The Student News Site of Tarrant County College

The Collegian

The Student News Site of Tarrant County College

The Collegian

The Student News Site of Tarrant County College

The Collegian

TR deaf instructors share culture

Betty+Goodridge+and+Sherri+Bodiford%2C+left%2C+join+Wendi+Yoder%2C+seated+at+right%2C+in+working+with+a+student+in+the+sign+language+program+on+TR+Campus.+Kirsten+Mahon%2FThe+Collegian%0A
Betty Goodridge and Sherri Bodiford, left, join Wendi Yoder, seated at right, in working with a student in the sign language program on TR Campus. Kirsten Mahon/The Collegian

By Kirsten Mahon/tr news editor

Some TCC students are a part of what they describe as Deaf Culture. Sarah Couch and Wendi Yoder are American Sign Language students on TR Campus. Neither student is deaf, but both have come to enjoy the silent community.

Currently on TR Campus, four teachers are deaf. Sign Language instructor Cheryl Sohns is deaf. This is her first year teaching.

“When I started [teaching], it was overwhelming because I’m not used to grading all the papers or preparing the lesson plans,” Sohns said. “Now I’m pretty comfortable.”

Sohns said her reasons for wanting to teach have changed since she began. She was a housewife for 20 years, and when she and her son were talking about his going to college, Sohns decided she would go too.

“In the end, I finished school, and he didn’t,” she said, laughing.

Betty Goodridge and Sherri Bodiford, left, join Wendi Yoder, seated at right, in working with a student in the sign language program on TR Campus. Kirsten Mahon/The Collegian
Betty Goodridge and Sherri Bodiford, left, join Wendi Yoder, seated at right, in working with a student in the sign language program on TR Campus. Kirsten Mahon/The Collegian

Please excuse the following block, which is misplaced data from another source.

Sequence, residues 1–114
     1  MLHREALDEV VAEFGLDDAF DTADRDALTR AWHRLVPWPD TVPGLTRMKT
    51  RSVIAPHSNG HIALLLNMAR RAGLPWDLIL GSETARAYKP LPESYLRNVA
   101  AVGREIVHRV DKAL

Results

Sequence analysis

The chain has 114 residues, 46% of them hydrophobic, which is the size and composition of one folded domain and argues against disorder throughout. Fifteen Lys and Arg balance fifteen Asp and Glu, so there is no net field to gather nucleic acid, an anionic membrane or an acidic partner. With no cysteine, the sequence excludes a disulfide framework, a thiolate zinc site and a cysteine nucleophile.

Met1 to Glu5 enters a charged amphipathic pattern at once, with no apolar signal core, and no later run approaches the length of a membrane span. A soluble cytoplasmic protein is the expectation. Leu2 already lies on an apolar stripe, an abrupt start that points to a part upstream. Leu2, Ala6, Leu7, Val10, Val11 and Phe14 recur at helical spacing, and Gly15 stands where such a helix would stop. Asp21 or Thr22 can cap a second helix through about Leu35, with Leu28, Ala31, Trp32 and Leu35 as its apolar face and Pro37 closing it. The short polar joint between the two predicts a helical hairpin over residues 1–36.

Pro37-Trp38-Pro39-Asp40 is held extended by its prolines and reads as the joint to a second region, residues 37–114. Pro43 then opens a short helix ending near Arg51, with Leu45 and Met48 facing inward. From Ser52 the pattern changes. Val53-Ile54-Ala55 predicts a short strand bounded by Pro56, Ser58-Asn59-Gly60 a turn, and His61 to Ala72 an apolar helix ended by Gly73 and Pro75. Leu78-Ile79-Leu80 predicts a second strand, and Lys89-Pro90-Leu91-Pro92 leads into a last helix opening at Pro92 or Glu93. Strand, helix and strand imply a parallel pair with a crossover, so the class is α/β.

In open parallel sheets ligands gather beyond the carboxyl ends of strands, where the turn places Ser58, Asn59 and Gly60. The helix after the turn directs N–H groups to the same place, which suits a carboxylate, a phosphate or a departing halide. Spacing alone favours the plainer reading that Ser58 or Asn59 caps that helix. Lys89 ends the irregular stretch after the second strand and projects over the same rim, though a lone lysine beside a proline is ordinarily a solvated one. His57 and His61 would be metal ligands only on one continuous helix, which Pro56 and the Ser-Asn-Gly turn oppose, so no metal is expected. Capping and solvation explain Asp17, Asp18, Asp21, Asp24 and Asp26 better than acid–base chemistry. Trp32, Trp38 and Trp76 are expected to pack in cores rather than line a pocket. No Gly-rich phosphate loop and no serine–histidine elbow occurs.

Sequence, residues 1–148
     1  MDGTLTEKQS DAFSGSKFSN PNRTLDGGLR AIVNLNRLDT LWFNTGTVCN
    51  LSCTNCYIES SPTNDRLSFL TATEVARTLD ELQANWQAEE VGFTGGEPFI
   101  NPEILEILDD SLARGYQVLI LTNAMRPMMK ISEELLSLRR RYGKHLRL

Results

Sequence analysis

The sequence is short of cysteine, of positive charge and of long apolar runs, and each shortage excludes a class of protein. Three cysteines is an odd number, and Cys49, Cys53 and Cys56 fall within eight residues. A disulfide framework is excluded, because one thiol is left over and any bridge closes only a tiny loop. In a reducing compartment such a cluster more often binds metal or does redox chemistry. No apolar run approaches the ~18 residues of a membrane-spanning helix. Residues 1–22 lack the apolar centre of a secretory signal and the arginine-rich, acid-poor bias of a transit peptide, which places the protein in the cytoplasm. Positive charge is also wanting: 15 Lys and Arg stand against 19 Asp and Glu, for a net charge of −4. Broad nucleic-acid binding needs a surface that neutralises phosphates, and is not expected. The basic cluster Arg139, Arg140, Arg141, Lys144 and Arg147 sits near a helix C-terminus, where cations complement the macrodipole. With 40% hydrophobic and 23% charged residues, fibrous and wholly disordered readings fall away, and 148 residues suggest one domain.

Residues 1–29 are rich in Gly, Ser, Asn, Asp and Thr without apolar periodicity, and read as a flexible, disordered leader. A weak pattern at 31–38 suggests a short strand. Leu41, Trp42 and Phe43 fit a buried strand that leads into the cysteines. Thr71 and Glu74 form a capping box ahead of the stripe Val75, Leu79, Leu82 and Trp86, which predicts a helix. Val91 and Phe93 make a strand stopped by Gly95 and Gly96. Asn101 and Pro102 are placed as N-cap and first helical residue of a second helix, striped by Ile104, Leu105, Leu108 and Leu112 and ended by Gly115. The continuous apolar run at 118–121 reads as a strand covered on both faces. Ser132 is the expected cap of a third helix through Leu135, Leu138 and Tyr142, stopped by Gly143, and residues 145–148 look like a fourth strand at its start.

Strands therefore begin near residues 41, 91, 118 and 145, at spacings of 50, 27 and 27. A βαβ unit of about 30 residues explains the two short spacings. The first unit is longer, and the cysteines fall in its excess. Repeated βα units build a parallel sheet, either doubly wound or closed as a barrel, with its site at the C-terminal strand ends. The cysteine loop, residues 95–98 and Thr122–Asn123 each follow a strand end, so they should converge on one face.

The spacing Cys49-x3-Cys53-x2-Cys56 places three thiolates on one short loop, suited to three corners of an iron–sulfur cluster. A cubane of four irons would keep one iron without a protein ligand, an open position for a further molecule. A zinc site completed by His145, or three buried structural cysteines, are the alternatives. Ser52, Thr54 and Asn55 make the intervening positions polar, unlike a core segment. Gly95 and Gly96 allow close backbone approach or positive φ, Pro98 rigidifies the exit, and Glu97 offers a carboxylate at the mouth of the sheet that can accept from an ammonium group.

She said when she was younger and taking care of her children, she didn’t want to have to split her time between school and home.

“I decided I wanted to teach my language,” she said.

American Sign Language is Sohns’ first language. Her parents lost their hearing when they became ill, and Sohns was born deaf. She said she didn’t realize she was deaf until she about 10 years old.

“I went to a deaf school, and everything around me was in sign. It was ASL,” she said. “I was about 7 or 8 when my parents went to my neighbors to use the phone, and I realized my neighbors were hearing, but it never had an impact on me. Everybody around me always signed.”

A difference exists between people who classify themselves as deaf and those who have joined the Deaf Culture, Yoder said. Normally, a capitalized “D” means the person isn’t just deaf but has become immersed in a lifestyle different from the average hearing person.

Yoder said some deaf people may have never known other people with hearing impairments and were never introduced to the culture.

“One of the differences is that most — not all, but most — of the hearing culture sees deafness as a disability, something that’s broken or the people are broken,” Couch said. “In the Deaf Culture, deafness is not a handicap or a disability. It’s just who they are.”

Couch said mannerisms are different when everyone in a conversation can speak sign language.

“If you know sign language, using your voice is rude unless you sign with it,” she said.

Six percent of communication in sign language is understood by spoken word. The rest is by body language and sign, Couch said. It’s near impossible to read lips to the same extent of speaking in signs.

“But just because they can’t hear doesn’t mean they don’t make noises,” she said.

Learning sign language has become a large part of Couch’s and Yoder’s lives. Yoder regularly visits Heritage Square, an assisted-living home for people with vision and/or hearing impairments in Fort Worth. She is fluent in ASL and interprets for TR students. Couch is currently the events coordinator of the ASL Club on TR and is studying to become a teacher for children with hearing impairments.

“I love the Deaf Culture,” Yoder said. “They’re really neat people.”

Compared to the lifestyles of the hearing, Yoder said people in the Deaf Culture tend to have a strong sense of community, do more things together and are extremely positive.

“The Deaf Culture is strong and connected,” Yoder said. “But it is unheard.”

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